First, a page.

Fouling is a problem with the use of heat exchangers in fish farming. This occurs particularly when using outlet water on one side in the exchanger, but there are also problems associated with using sea-water on one side. Fouling of the transfer surfaces will reduce the value of k and the heat transfer. Fouling will cover the transfer surfaces, and the conduction through the layers of fouling is dra-matically reduced compared to surfaces with no fouling. Since fouling occurs normally and it is impossible to remove it continuously, this must be taken into consideration when designing heat exchangers for use in fish farming. This is done by including the fouling factor (Rf) in the calculations which again decreases the value of k .
It is important to reduce the amount of fouling as much as possible, but of course within economic limits. Washing of the surfaces will reduce the fouling, whether by the use of chemicals, manual brushing, or both. To make chemical washing pos-sible in a simple way, the exchangers should be equipped with a backwashing circuit (Fig. 7.11). For the washing procedure the heating system is stopped and the exchanger backwashed several times with water containing a detergent: caustic
soda or lye may be used as a detergent in fish farming. Chemical washing, however, is normally not enough and the exchangers have to be opened and the heat transfer surfaces brushed manually. It may not be necessary to do this every time, but only for some of the washings, for example once a week. This of course depends on the degree of fouling which varies with the characteristics of the water flowing through the exchanger, i.e. whether it is new water or outlet water.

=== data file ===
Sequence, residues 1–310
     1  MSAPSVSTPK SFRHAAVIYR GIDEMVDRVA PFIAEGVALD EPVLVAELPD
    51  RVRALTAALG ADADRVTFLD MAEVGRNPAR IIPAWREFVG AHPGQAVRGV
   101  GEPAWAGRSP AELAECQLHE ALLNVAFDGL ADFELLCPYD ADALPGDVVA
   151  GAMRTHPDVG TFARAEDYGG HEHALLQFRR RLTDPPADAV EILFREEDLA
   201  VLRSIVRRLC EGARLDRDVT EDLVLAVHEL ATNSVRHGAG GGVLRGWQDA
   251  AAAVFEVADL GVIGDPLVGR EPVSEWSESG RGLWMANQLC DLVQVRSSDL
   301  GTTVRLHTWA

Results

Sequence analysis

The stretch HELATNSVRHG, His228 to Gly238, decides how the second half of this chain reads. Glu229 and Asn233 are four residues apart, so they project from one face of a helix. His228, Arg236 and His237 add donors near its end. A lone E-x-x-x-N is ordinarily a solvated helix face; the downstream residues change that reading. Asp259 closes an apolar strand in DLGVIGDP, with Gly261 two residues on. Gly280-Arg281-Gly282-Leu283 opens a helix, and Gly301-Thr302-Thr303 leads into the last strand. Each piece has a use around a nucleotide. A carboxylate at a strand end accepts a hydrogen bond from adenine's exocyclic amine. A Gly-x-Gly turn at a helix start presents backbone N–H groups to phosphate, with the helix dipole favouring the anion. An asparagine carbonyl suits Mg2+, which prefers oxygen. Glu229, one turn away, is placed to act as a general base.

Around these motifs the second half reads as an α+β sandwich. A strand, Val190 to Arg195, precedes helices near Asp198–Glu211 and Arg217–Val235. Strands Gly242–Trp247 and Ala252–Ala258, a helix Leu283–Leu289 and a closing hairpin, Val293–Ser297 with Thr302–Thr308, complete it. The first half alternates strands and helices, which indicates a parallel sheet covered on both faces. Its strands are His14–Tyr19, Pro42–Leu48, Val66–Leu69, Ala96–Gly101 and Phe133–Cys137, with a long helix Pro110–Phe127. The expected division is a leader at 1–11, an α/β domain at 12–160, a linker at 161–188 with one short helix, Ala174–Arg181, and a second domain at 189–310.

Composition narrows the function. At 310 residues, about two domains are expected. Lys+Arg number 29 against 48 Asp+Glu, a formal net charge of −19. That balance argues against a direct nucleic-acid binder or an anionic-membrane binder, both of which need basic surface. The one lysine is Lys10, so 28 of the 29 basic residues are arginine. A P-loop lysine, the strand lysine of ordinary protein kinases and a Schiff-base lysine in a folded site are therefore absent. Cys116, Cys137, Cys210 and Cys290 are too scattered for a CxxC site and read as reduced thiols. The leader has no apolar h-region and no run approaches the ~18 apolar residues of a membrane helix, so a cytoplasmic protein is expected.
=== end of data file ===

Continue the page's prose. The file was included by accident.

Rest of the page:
When cleaning the exchangers the heating system must be switched off. Because of this, it can be advantageous to have at least two exchangers, so at least half the heating capacity is functioning during the cleaning procedure. It is important to have enough valves in the pipelines to be able to change the flow direction to permit this.
The degree of fouling decreases with increased water velocity through the exchanger, because more turbulence is created. However, this will also increases the head loss, so there is a balance to finding the optimal water velocity. What is cer-tain is that a low velocity through the exchanger increases the degree of fouling; this will occur if the water flow through the exchanger is reduced compared to what it is designed for; in the worst cases total blockage of the exchanger can result. The normal water velocity through exchangers is around 2 m/s.
Fungus clots and larger particles may block the exchanger totally. To reduce the risk of blockage, for instance when using outlet water, the water must always be filtered before entering a heat exchanger. This will to some extent, also help to reduce the amount of fouling. A particle removal filter, for instance a rotating screen filter, is commonly used for this purpose.